The excavation of the Man Bac site (c. 3800-3500 years BP) in Ninh Binh Province, Northern Vietnam, yielded a large mortuary assemblage. A total of 31 inhumations were recovered during the 2004-2005 excavation. Multivariate comparisons using cranial and dental metrics demonstrated close affinities of the Man Bac people to later early Metal Age Dong Son Vietnamese and early and modern samples from southern China including the Neolithic to Western Han period samples from the Yangtze Basin. In contrast, large morphological gaps were found between the Man Bac people, except for a single individual, and the other earlier prehistoric Vietnamese samples represented by Hoabinhian and early Neolithic Bac Son and Da But cultural contexts. These findings suggest the initial appearance of immigrants in northern Vietnam, who were biologically related to pre- or early historic population stocks in northern or eastern peripheral areas, including Southern China. The Man Bac skeletons support the 'two-layer' hypothesis in discussions pertaining to the population history of South-east Asia.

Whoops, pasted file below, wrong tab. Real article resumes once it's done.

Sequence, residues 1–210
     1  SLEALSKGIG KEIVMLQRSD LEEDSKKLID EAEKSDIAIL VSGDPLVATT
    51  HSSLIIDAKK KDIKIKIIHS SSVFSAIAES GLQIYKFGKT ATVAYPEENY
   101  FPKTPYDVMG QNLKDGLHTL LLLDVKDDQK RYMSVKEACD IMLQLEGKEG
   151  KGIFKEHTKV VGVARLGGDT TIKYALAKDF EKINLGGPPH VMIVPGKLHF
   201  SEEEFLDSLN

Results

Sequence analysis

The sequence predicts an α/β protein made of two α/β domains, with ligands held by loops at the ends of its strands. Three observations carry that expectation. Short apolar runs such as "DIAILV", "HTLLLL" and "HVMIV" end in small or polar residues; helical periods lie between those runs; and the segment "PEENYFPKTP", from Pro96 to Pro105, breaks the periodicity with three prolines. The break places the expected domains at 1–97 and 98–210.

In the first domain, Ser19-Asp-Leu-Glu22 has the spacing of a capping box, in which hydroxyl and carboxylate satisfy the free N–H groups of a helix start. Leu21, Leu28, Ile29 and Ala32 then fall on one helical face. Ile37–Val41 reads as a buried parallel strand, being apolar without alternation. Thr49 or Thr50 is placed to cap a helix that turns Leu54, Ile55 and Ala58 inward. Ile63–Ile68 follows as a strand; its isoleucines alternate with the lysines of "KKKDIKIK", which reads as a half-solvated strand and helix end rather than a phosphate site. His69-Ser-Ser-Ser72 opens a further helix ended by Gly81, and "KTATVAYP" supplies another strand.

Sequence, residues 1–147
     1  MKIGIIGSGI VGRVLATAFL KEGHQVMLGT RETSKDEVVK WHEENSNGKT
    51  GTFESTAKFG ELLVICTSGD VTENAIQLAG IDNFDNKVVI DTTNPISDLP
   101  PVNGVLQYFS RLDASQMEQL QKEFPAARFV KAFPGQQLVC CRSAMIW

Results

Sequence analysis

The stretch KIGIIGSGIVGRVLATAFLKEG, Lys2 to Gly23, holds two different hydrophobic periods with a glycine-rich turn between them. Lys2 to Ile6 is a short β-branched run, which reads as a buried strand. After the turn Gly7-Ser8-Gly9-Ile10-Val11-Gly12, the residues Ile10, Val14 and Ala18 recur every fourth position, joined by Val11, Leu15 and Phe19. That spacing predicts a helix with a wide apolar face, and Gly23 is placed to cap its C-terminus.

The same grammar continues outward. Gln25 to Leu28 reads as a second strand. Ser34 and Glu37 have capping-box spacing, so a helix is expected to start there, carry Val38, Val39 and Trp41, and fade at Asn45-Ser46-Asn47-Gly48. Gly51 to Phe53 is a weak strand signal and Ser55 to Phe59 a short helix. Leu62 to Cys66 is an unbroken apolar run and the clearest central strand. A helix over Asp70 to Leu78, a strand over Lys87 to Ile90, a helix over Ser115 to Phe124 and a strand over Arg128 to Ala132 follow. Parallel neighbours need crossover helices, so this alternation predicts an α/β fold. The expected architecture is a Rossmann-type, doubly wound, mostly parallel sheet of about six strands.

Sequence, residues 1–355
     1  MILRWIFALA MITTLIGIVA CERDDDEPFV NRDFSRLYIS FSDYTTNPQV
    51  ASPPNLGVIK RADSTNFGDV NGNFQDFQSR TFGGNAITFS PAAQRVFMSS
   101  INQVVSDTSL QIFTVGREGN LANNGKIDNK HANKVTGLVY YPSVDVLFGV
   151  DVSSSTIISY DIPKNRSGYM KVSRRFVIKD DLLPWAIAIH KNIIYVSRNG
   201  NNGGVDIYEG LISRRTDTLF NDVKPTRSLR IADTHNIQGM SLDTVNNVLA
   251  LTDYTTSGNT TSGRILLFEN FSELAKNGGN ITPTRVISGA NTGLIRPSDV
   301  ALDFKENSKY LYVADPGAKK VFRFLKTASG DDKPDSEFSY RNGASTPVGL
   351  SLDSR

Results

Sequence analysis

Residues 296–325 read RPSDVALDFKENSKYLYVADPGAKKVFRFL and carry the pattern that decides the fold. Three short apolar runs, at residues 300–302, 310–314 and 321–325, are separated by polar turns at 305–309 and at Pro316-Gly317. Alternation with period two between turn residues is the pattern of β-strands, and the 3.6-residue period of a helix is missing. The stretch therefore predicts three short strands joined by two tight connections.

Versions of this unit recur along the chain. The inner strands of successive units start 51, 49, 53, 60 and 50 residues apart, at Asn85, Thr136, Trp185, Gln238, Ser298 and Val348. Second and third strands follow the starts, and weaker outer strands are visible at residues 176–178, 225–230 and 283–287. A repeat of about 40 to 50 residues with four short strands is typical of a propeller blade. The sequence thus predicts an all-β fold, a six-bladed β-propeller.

Bibliographical noteThe authors are graterul to Director Dr. Ha Van Phung, and Vice Director Dr. Nguyen Giang Hai, Vietnamese Institute of Archaeology, for their permission to excavate the
Man Bac site and for their cooperation. This study was supported in part by a Grant-in-Aid in 2003–2005 (No. 15405018) from the Japan Society for the Promotion of Science, and by the Toyota Foundation (No. D06-R-0035).
- Human remains
- Late neolithic
- Man Bac
- Two-layer hypothesis